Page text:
Perspectives on Religious Freedom from the Vantage Point of the European Court of Human Rights
Fuhrmann, Willi, Brigham Young University Law Review
The European Court of Human Rights ("ECHR" or "the Court") was established in 1959 to interpret and apply the European Convention for the Protection of Human Rights and Fundamental Freedoms ("Convention"), which opened for signature in 1950 and entered into force in 1953. The Convention has now been ratified by forty-one European states, including most recently Russia, Ukraine, and Georgia. The ECHR's jurisdiction covers a geographical area with a population of some 800 million.
The Convention was designed to give binding effect to some of the rights and freedoms set out in the United Nations' Universal Declaration of Human Rights. It was unprecedented in international law in three important respects. First, it empowered states to bring before an international tribunal other states alleged to have violated the rights of their own citizens. Second, it recognized individuals as subjects of international law by giving them the right to petition directly an international body with complaints directed against a state or states. Finally, it set up an enforcement mechanism to ensure that the contracting parties to the Convention respected their engagements.1
Before going into an analysis of the Convention case law relating to freedom of religion as protected in Article 9, I should just say a word about the nature of the ECHR's jurisdiction. The Convention system is a subsidiary one; as the Court has often repeated, it is primarily for the national authorities to secure the protection of the rights and freedoms set forth in the Convention. There are two main aspects to this. One is practical: an international Court cannot act as a court of first instance or even a court of appeal, or it runs the risk of being submerged by a massive case load. Moreover, national authorities are often better placed to make the initial assessment of what is necessary.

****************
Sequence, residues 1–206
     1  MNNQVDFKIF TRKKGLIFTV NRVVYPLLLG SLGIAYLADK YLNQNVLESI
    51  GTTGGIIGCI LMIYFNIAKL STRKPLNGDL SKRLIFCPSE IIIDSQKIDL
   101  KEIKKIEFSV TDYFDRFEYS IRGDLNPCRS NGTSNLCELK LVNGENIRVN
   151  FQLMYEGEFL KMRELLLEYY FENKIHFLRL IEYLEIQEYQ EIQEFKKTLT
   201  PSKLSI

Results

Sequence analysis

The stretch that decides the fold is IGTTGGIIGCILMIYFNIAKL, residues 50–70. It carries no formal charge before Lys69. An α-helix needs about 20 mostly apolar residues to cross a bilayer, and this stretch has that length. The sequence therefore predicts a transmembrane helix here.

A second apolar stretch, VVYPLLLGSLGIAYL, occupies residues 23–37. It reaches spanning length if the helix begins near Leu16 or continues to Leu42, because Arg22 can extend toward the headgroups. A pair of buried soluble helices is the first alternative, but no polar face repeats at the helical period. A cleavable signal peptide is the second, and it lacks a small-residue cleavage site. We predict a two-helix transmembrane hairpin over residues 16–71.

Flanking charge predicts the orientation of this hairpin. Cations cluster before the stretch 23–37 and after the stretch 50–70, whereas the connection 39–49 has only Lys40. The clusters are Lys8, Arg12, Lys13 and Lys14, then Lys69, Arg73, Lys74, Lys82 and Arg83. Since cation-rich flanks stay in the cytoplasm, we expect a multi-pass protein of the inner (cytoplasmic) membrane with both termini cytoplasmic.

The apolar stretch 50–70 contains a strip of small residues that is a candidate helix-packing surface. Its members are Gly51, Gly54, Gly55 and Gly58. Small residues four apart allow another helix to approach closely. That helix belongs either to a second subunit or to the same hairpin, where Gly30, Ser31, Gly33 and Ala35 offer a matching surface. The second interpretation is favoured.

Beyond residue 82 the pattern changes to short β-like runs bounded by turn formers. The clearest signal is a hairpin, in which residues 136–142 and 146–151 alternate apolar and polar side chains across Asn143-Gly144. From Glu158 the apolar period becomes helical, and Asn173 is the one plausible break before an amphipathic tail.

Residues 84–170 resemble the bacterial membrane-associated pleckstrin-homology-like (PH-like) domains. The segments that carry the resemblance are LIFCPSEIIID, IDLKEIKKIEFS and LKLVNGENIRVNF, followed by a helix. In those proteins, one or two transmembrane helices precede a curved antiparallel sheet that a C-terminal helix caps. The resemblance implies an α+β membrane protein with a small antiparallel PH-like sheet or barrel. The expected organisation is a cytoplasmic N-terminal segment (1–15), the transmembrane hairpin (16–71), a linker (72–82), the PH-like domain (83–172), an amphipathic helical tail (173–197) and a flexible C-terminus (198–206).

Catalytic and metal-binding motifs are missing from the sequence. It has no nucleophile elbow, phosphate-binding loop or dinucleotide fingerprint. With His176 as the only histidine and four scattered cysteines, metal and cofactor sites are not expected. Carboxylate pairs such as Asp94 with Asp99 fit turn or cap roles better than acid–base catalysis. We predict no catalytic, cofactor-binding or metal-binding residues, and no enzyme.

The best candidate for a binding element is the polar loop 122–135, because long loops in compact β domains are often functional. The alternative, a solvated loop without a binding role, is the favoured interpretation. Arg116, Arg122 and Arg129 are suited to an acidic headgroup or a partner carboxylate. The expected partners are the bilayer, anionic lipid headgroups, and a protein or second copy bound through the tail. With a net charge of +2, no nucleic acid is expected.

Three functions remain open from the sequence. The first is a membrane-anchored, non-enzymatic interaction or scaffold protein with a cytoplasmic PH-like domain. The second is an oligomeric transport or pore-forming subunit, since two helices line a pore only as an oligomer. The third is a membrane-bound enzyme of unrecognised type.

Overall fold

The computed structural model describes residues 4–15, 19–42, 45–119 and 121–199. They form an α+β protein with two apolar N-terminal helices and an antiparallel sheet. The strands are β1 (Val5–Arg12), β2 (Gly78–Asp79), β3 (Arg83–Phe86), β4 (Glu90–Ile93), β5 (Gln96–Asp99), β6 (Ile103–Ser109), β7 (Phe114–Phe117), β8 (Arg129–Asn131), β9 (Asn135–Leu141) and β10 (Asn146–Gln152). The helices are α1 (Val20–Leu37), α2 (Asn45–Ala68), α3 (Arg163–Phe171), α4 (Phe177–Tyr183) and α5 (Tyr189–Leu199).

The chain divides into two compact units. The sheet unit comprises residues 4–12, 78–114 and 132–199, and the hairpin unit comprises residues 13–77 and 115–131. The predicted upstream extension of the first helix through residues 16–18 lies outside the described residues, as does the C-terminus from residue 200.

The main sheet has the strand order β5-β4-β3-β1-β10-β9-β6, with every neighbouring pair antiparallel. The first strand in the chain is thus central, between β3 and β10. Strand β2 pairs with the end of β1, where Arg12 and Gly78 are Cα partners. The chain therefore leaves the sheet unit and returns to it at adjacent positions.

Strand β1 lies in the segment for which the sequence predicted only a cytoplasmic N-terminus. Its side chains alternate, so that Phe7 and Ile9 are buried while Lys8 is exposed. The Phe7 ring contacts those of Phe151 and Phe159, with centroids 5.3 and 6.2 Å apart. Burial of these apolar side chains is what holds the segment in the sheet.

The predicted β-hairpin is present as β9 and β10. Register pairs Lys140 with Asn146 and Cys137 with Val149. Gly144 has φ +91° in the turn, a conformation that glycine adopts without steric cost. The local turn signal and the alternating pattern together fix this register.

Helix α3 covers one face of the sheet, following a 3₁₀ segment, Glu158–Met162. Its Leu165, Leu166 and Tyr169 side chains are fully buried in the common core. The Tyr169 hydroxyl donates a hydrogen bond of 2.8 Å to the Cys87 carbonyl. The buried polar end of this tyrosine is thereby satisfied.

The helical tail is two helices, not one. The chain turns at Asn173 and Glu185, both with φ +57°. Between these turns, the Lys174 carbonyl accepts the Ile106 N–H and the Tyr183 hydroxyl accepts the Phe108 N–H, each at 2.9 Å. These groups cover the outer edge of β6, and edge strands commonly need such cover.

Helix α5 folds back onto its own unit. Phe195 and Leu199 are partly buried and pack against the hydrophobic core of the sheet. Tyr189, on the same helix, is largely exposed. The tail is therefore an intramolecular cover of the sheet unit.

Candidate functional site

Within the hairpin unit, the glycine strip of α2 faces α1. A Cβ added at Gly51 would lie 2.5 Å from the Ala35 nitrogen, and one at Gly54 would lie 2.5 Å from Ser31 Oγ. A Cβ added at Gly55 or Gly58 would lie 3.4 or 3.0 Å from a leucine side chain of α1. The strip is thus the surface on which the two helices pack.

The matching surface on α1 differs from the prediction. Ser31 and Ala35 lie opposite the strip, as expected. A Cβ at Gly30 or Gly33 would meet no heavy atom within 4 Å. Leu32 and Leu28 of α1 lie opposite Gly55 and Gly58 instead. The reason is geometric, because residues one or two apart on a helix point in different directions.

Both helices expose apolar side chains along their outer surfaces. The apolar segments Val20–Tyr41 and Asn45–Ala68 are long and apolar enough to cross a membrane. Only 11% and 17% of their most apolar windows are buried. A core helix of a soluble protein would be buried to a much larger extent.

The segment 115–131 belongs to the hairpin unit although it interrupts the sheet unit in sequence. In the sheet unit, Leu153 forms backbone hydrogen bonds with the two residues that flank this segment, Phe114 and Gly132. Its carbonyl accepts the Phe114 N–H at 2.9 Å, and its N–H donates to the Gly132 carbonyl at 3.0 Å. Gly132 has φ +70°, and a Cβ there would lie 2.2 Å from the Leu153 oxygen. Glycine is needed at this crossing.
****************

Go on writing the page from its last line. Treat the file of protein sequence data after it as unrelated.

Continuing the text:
The second aspect is more directly related to the philosophy underlying the Convention. The Convention is predicated on the existence of a community of democratic states governed by the rule of law. Within this system, the Court operates as a fail-safe to catch those violations of fundamental rights that escape the scrutiny of the national review bodies. In so doing, it owes a degree of deference to the decisions of democratically elected bodies, sometimes expressed as a margin of appreciation accorded to the national authorities. The margin is variable in the sense that the closer you get to the core values of democracy, the narrower the margin will be. Thus, for example, in relation to the freedom of expression, interference with political expression will attract a narrow margin, whereas interference with artistic expression on grounds of morality will qualify for a much wider margin of appreciation. In other words, we could say that while a democratic society cannot, consistent with the Convention, restrict the pure exercise of democracy, it can legitimately decide within reason where art crosses over the line of obscenity or blasphemy. This margin operates in particular in relation to the rights and freedoms set out in Articles 8 to 11 of the Convention, which include the right to a private family life and the freedoms of expression, religion, and association.
II. THE ARTICLES OF THE EUROPEAN CONVENTION
The articles of the Convention (and Protocol No. 1 to the Convention) that expressly refer to freedom of religion-the so-called "religious" articles-are Article 9, which guarantees freedom of thought, conscience, and religion; Article 14, which prohibits discrimination on any ground, such as sex, race, color, language, or religion, political or other opinion, national or social origin, association with a national minority, property, birth, or status; and Article 2 of Protocol No. 1 to the Convention, which safeguards the right to education.
Religious freedom under the Convention is protected by Article 9, which reads: